Upcoming Events

  • In 1825, Ludwig van Beethoven, recovering from illness, composed music for two violins, viola, and cello that he titled “Holy song of thanks to the Deity from a convalescent, in the Lydian mode” (Heiliger Dankgesang eines Genesenen an die Gottheit, in der lydischen Tonart). The piece became the third movement of his String Quartet No. 15 in A minor, Op. 132. In this talk with musical excerpts, speaker Brian Alverson offers an account of the circumstances in which Beethoven found himself and a reading of the movement as a reflection on end-of-life experience. Members of the Newport String Project featuring EmmaLee Holmes-Hicks and Ealain McMullin violins, Jesse Holstein, viola, and Heath Marlow, cello, will give a performance of the movement.

    Brian Alverson, MD is Director of Pediatric Hospital Medicine at Hasbro Children’s Hospital and Professor of Pediatrics at the Warren Alpert Medical School of Brown University.

    Based in Newport, RI, the Newport String Project combines music performance with youth mentoring to build a community that crosses boundaries of generation, heritage, and economic circumstances through access to inspiring musical experiences for all. More information at http://www.newportstringproject.org/

    This event is part of the Creative Medicine Lecture Series which is co-sponsored by the Department of Emergency Medicine.

    Arts, Performance, Biology, Medicine, Public Health, Creative Medicine Series, History, Cultural Studies, Languages, Humanities
  • Dec
    7
    All Day

    Conference • “Political Concepts: The Science Edition”

    Cogut Institute, Pembroke Hall

    The annual conference of the Political Concepts Initiative will be dedicated to analyzing the contemporary conditions of knowledge production, with a focus on the sciences and the university.

    Speakers present a single concept, one that needs to be revised, deconstructed, or invented in order to better understand, criticize, and, if necessary resist recent changes in the organization of scientific knowledge – and academic knowledge more broadly. This concept is a tool for a critical explication of ways in which scientific knowledges have been impacted by, and integrated into the neoliberal economy and global order, the forces that have eroded liberal democratic regimes and brought about the disintegration of the common, as well as the struggles for decolonization, democracy and social justice. Presentations question, first, the ways these processes, forces, and struggles work through the sciences and transform the inner fabric of scientific research and academic practice, and second, how science itself has been shaped as an arena of political struggle.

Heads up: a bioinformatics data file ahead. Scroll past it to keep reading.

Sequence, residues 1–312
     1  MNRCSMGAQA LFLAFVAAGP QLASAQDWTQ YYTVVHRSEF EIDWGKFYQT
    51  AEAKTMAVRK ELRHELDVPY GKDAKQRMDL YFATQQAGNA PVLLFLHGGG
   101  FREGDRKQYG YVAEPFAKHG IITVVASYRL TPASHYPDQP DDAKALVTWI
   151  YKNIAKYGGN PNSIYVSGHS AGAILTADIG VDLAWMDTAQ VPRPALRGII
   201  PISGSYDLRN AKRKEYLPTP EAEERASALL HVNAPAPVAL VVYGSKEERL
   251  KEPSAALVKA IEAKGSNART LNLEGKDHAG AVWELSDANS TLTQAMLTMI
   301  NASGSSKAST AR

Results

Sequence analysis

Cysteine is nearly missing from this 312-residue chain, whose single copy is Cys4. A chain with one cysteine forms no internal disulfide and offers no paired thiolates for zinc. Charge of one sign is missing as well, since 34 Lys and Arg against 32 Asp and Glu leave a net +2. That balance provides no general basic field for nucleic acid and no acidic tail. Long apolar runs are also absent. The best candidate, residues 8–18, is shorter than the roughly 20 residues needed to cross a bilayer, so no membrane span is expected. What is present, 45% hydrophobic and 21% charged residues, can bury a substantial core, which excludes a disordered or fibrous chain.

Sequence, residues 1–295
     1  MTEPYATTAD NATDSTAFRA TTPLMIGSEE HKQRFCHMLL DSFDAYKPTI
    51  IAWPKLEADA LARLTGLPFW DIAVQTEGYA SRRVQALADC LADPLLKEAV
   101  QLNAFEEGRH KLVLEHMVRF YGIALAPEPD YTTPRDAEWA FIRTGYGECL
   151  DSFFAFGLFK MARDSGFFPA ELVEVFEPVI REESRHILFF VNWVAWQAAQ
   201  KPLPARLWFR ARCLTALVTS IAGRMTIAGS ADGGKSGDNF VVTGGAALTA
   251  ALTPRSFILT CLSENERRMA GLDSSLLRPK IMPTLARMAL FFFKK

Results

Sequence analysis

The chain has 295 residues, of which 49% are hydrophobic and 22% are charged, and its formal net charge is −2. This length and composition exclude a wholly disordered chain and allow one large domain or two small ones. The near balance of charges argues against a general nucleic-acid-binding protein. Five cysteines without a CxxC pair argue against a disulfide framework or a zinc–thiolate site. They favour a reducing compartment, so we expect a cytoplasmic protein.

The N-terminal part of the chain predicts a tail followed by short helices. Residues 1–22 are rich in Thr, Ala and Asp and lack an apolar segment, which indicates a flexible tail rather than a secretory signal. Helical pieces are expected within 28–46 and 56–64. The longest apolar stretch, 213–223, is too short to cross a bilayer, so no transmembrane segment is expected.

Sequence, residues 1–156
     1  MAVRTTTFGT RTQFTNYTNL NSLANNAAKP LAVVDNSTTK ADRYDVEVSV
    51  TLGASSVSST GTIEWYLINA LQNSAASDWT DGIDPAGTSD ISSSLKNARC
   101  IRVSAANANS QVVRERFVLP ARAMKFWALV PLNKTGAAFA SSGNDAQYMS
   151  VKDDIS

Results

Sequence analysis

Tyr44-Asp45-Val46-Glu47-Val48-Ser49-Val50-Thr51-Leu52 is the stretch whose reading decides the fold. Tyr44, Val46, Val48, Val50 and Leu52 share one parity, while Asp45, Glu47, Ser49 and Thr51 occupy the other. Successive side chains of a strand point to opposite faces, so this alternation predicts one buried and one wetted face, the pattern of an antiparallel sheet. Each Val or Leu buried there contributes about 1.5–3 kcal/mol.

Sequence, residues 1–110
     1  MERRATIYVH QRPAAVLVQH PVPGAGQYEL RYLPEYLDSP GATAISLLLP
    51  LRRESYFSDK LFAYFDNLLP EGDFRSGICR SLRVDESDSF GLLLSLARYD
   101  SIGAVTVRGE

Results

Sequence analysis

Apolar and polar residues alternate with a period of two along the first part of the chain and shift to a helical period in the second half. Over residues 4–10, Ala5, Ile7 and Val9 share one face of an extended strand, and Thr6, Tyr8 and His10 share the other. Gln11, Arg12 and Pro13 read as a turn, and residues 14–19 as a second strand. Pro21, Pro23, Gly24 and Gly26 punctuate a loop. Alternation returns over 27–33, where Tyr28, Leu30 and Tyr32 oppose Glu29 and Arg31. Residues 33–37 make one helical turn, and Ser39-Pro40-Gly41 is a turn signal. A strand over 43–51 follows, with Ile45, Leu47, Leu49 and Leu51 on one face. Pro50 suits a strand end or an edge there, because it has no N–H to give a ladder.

Friday, December 7
    8:45 AM – 9:00 AM Greetings and Opening Remarks
    9:00 AM – 12:00 AM Anne Fausto Sterling • Truth
    Stephanie Dick • Database
    Dan Hirschman • Stylized Facts
    Moderator: Amanda Anderson
    11:20 AM – 11:40 AM Coffee Break
    11:40 AM – 1:30 PM

    Rebecca Nedostup • Practice/Praxis
    Barbara Herrnstein Smith • Scientism
    Moderator: Sharon Krause

    1:30 PM – 3:00 PM Lunch Break
    3:00 PM – 4:50 PM Alex Csiszar • Peer Review
    Kaushik Sunder Rajan • Value
    Moderator: Adi Ophir
    4:50 PM – 5:10 PM Coffee Break
    5:10 PM – 7:00 PM Raphael Sassower • Scientific Progress
    Tamara Chin • Homo Geoeconomicus
    Moderator: Etienne Balibar
       
    Saturday, December 8
    9:10 AM – 11:00 AM Etienne Benson • Environment
    Joanna Radin • Future
    Moderator: Tim Bewes
    11:00 AM – 11:20 AM Coffee Break
    11:20 AM – 1:10 PM Mara Mills • Impairment
    Iris Montero • Scala Naturae
    Moderator: Leela Gandhi
    1:10 PM – 2:40 PM Lunch Break
    2:40 PM – 4:30 PM Banu Subramaniam • Diaspora/e
    Suman Seth • Race
    Moderator: Lukas Rieppel
    4:30 PM – 4:50 PM Coffee Break
    4:50 PM – 6:40 PM Yarden Katz • Entrepreneurial Science
    Peter Galison and Noah Feldman • Corporatized Knowledge
    Moderator: Jacques Lezra

    The event is free and open to the public.

    This conference is funded in part by the Herbert H. Goldberger Lectureship, the CV Starr Foundation Lectureship, the Humanities Initiative Programming Fund, and the Program in Science, Technologies, and Society.

    Conference, History, Cultural Studies, Languages, Humanities, Political Concepts Initiative, Social Sciences
  • Dec
    8
    All Day

    Conference • “Political Concepts: The Science Edition”

    Cogut Institute, Pembroke Hall

    The annual conference of the Political Concepts Initiative will be dedicated to analyzing the contemporary conditions of knowledge production, with a focus on the sciences and the university.